Friday, March 07, 2008


Parkinson’s Disease

The term “Parkinson’s disease” elicits images of old, feeble patients unable to move enough to care for themselves. When Michael J. Fox became afflicted with Parkinson’s disease, that image changed.

Parkinson’s disease is part of a broad category of neurological illnesses termed neuro-degenerative diseases. Sadly, they are chronic and slowly progressive. Neuro-degenerative diseases are primarily seen in the elderly. As longevity increases, the numbers of those afflicted will continue to rise. Parkinson’s disease specifically affects motor function and is classified as a movement disorder. Over one million people in the United States alone suffer from Parkinson’s disease.

Cells deep in the brain produce a neurotransmitter called dopamine. They are the principal targets in Parkinson’s disease and become either lost or blocked. Dopamine is crucial for motor nerves to coordinate muscle movement. A lack of dopamine results in uncontrollable shaking (tremors), slowed movements (bradykinesia), and joint stiffness (rigidity). Dopamine replacement with a drug called L-DOPA has been the basis for treatment during the past 50 years. Over time, L-DOPA becomes ineffective.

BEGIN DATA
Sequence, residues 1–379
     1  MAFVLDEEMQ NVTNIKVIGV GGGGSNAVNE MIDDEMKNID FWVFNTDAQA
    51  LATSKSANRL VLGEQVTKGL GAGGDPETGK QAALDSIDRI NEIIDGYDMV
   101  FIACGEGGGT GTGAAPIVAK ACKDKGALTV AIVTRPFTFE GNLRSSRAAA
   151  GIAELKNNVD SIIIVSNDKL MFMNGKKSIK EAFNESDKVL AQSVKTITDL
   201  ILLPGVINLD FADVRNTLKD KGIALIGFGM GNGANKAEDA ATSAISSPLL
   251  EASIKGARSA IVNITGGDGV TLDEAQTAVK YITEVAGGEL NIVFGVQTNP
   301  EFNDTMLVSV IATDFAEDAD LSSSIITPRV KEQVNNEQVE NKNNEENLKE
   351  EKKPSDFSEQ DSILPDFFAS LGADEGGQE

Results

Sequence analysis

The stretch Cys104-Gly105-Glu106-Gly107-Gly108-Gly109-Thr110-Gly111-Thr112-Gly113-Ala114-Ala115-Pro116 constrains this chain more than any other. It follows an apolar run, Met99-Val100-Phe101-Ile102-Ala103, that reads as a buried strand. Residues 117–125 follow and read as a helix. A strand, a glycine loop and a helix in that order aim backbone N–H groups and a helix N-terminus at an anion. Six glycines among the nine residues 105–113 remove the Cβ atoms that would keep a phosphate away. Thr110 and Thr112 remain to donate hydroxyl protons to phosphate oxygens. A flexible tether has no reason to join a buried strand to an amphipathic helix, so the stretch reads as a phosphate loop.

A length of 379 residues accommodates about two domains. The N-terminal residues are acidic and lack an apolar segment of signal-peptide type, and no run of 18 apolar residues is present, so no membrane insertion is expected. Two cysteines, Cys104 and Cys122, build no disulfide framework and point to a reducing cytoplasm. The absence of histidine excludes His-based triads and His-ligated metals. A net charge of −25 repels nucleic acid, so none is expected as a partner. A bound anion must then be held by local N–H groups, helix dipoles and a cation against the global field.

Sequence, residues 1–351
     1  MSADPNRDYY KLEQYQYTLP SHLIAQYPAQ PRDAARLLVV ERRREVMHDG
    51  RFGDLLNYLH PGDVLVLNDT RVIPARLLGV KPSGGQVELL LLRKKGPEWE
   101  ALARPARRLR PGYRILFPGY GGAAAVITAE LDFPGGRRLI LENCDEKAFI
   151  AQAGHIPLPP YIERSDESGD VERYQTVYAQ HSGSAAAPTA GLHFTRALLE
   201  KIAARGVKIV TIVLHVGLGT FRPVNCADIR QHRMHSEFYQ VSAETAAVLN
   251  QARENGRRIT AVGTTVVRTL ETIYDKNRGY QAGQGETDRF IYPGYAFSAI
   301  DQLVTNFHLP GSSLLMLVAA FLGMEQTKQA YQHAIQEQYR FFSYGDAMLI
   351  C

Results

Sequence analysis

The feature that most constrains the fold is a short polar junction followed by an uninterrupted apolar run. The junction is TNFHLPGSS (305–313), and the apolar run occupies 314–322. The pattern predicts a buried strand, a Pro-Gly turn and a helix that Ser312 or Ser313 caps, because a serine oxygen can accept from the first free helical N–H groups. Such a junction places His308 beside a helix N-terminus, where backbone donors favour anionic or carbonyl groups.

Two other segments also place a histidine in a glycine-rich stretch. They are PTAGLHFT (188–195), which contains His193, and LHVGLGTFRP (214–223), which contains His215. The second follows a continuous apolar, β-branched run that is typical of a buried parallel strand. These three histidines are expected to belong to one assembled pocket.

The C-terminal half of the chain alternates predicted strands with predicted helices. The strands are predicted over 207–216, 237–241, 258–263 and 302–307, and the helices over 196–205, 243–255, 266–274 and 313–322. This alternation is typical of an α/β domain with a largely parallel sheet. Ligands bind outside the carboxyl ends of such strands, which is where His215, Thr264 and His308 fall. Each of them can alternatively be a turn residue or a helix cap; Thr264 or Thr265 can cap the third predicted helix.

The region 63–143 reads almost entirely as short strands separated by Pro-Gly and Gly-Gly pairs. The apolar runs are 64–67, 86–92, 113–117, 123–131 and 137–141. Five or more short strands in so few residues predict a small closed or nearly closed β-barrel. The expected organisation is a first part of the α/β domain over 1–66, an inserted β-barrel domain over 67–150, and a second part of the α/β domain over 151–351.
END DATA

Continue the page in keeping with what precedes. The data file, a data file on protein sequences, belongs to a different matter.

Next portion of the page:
In 1982, Parkinson’s research changed dramatically. Until then, there were no models for testing new treatments. It was in 1982 that a chemical called MPPP was manufactured in primitive home laboratories and sold on the streets of San Francisco as synthetic heroine. MPPP was easily contaminated and could become MPTP. When MPTP is injected, it immediately destroys the cells which produce dopamine. Hospitals began admitting young people with severe, advanced Parkinsonian symptoms. This created that needed model and an urgency for the development of new treatments.

Today, there are many drugs that are used in various combinations to improve motor function in patients with Parkinson’s disease:

• Carbidopa/Levodopa boosts the level of dopamine in the brain.
• Rasagiline slows the enzymes which breakdown dopamine in the brain.
• Ropinirole increases the sensitivity of dopamine receptors.

“This is a very exciting and encouraging time to be involved in treating Parkinson’s disease,” said Dr. Maria L. Moro-de-Casillas, a neurologist who specializes in the treatment of Parkinson’s disease. “Over 70 percent of my patients are able to function independently.”

In addition to a vast armamentarium of medications, surgical treatments including deep brain stimulation hold great promise.

In tomorrow’s Healthy Sports column, some unconventional treatments for Parkinson’s disease will be discussed.

Anthony G. Alessi, MD, is a neurologist on The William W. Backus Hospital Medical Staff in private practice at NeuroDiagnostics, LLC in Norwich. This column should not replace advice or instruction from your personal physician. E-mail Dr. Alessi, or any of the Healthy Living columnists at

Comments: Post a Comment

<< Home

This page is powered by Blogger. Isn't yours?